• Corruption Charges and Current Position

Seyyed Zia MirEmadi was arrested in June 2002 on financial corruption charges. Abdonabi Namazi, the General Prosecutor at that time, described his charges as ‘heavier than those of Shahram Jazayeri’ to journalists. MirEmadi was released on bail in August 2003, by the Special Clerical Court. Despite his complicity in human rights crimes, he became a member of the Bar Association in Tehran during the 2010s and has been serving as a lawyer, to date.

[1] Iran Human Rights Documentation Center report. (2009). Community under siege: the ordeal of the Baha’is of Shiraz. Retrieved from

[2] Interview with Hojjatoleslam MirEmadi, Revolutionary Prosecutor of Shiraz (20 November 1982), Khabar-e Jonoub newspaper, page 5.

[3] See supra, note 1.

[4] Interview with Hojjatoleslam MirEmadi, Revolutionary Prosecutor of Shiraz (20 November 1982), Khabar-e Jonoub newspaper, page 5.

[5] According to the Abdorrahman Boroumand Foundation, the names of some of these women are: Mahboubeh Golberenji, Fatemeh Afrasiabi, (First name unknown) Panahmand, Roya Hajiani-Ghotbabadi, Masoumeh Hasanzadeh, Maryam Zakeri, Mah Parvin Rabiei, Zahra Ramani, Nastaran Hedayati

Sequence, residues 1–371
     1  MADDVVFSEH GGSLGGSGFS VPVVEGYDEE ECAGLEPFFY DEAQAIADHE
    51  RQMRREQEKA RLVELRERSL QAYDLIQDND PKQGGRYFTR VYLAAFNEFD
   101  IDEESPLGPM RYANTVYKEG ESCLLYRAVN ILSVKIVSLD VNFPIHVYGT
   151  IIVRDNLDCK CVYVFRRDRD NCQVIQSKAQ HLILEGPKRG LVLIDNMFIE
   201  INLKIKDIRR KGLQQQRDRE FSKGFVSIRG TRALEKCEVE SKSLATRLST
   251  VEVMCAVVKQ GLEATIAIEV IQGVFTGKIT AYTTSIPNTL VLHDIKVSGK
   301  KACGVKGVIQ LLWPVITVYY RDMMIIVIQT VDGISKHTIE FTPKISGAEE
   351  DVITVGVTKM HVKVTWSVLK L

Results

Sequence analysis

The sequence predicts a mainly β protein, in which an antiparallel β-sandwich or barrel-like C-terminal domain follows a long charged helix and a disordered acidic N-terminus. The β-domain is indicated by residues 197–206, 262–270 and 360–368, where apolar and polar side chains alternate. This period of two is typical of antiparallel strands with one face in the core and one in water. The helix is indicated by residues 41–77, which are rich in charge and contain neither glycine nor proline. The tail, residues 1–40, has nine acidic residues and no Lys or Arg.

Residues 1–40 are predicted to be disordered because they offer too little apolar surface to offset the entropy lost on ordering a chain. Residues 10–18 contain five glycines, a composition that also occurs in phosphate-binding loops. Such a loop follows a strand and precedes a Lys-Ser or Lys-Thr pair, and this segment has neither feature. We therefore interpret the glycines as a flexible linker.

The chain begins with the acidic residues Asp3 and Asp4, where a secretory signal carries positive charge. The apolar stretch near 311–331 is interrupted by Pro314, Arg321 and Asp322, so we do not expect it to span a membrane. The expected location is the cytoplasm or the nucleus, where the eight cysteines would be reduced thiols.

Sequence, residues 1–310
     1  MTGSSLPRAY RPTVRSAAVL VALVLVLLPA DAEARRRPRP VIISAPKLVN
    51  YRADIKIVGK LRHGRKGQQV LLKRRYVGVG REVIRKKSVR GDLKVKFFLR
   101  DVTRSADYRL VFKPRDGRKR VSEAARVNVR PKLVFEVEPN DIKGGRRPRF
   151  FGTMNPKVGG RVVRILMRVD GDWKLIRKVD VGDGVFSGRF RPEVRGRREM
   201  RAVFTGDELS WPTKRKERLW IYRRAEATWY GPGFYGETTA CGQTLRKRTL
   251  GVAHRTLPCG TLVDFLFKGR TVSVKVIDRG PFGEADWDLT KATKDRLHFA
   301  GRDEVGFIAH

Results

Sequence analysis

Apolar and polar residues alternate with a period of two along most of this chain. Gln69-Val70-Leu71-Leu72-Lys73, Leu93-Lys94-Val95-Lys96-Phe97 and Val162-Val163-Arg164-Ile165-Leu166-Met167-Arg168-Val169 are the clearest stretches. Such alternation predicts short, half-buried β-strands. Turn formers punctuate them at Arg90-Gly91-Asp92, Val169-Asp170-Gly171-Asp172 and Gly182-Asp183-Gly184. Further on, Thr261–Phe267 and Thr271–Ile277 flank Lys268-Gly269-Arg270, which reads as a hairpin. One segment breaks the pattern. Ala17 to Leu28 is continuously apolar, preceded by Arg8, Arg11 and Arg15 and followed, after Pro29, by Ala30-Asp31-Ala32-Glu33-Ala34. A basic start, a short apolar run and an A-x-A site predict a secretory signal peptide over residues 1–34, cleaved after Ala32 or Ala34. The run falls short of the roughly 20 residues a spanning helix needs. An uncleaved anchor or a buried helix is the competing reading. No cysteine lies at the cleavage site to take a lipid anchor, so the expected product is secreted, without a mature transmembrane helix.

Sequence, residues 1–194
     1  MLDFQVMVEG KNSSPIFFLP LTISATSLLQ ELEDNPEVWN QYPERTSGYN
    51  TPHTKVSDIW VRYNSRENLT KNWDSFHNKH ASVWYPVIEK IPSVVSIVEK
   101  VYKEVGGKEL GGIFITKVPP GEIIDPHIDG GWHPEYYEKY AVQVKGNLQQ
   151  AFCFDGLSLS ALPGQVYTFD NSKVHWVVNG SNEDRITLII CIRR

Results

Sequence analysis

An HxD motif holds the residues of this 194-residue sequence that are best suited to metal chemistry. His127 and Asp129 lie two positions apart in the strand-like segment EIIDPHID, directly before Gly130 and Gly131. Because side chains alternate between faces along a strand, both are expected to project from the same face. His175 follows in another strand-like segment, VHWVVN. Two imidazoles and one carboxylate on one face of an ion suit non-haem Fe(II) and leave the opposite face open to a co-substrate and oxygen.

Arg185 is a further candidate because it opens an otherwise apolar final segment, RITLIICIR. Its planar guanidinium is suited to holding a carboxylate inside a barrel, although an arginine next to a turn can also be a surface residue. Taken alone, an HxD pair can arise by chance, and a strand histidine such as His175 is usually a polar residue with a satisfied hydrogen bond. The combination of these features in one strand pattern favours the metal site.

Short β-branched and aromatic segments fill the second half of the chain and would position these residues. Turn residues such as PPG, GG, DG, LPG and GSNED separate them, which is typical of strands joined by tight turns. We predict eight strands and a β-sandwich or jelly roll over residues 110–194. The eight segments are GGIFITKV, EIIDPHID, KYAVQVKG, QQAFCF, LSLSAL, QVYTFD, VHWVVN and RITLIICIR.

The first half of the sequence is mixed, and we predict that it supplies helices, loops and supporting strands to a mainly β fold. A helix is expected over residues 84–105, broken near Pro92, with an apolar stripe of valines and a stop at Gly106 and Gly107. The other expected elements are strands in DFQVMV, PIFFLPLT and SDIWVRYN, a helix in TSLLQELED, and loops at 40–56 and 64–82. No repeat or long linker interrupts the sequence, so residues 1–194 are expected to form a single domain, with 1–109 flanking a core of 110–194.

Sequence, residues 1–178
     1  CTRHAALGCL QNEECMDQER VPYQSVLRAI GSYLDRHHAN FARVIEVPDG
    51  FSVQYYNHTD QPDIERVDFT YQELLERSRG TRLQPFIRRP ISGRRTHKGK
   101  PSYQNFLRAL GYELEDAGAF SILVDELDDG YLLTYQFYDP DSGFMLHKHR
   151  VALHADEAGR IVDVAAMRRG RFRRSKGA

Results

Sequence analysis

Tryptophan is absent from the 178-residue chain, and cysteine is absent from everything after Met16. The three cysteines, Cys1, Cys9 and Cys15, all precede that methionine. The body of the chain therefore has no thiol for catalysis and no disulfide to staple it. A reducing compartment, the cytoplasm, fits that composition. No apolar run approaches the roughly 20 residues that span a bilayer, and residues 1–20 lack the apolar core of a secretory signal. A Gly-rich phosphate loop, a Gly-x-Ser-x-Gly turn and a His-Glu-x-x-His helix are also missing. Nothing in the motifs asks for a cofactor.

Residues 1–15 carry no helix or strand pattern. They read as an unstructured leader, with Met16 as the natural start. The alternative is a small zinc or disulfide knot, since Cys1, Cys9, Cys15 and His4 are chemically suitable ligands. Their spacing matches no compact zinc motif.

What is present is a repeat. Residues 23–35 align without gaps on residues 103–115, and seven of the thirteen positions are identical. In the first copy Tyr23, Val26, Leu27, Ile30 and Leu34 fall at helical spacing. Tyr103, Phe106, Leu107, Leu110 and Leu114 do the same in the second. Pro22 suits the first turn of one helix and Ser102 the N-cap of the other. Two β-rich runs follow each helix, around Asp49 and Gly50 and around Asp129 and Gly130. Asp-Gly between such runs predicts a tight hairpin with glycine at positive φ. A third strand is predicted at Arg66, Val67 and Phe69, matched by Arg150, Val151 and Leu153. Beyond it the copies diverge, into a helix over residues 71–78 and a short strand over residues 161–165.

[6] The identity of the witness is protected by Justice for Iran.

[7] ‘The rumours about health-hazardous condition in prison and the state of prisoners, executing 300 prisoners, and wedding girls before their execution to boys are absolute lies; interview with Hojjatoleslam MirEmadi, Revolutionary and Public Prosecutor of Shiraz’, issue: 889 (19 Mordad 1362), Khabar-e Jonoub newspaper, page 7.

[8] Interview with Public Prosecutor of Tehran, issue: 17502 (27 Dey 1363), Ettela’at Newspaper, page 3.